NEWPORT BEACH (AP) — Developers have sued the California Coastal Commission for more than $490 million in damages for failing to approve a project that would have turned a 401-acre stretch of oil field overlooking the Pacific Ocean into a housing and retail development.
Newport Banning Ranch is appealing the commission’s Sept. 7 decision to reject a plan that would have cleaned up the property to build nearly 900 homes, a 75-room resort, commercial space and a park, the Orange County Register reported.
The commission instead recommended a scaled-down version of the plan, saying the developers could build about half as many homes on bluffs farther from the ocean near Newport Beach, while leaving more room for burrowing owls and other rare species that live on the parcel.
In the lawsuit filed Friday, builders said the counter-proposal was not economically feasible and effectively “rejected any development whatsoever,” according to the Register.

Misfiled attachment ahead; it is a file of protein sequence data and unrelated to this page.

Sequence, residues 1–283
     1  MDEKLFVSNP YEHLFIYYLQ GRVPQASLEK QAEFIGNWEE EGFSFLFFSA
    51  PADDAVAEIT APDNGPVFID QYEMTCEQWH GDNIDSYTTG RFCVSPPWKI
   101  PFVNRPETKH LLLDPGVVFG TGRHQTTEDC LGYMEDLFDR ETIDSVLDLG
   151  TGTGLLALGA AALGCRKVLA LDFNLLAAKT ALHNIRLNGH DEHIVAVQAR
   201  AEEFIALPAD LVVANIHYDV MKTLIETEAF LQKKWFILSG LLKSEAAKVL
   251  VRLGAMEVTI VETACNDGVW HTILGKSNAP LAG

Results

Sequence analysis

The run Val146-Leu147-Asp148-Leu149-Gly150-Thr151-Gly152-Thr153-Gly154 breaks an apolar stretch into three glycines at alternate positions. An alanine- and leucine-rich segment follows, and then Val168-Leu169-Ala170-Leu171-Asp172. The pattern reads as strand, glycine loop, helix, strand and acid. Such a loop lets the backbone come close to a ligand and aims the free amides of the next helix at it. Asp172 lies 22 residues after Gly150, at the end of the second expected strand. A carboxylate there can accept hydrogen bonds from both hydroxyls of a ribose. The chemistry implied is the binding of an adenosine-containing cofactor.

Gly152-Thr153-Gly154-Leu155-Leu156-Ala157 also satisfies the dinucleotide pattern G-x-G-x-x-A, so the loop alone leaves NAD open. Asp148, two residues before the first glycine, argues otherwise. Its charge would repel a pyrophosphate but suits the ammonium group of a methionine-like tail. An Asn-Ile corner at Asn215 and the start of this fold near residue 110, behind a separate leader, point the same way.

A commission representative told the newspaper that the agency had not yet been served and was not immediately able to comment.
While Banning Ranch has sparked debate for decades, much focus on this proposed development has centered on the burrowing owl, which has been designated a “species of special concern.”
“There were an extraordinary and unprecedented amount of procedural errors, misinformation and errors in fact that did not provide the opportunity for a balanced decision,” said Michael Mohler, Newport Banning Ranch senior project manager, in a prepared statement.
Newport Banning Ranch, a partnership involving an oil producer and investment and real estate companies, claimed the state agency acted out of its jurisdiction and took its property without proper compensation. It is seeking the court to maintain jurisdiction over the matter and a new hearing considering their development.
The debate over the parcel came as large stretches of privately held coastal land south of Los Angeles have dwindled. Many have been developed and environmental groups are eager to preserve coastal lands and increase access for the public.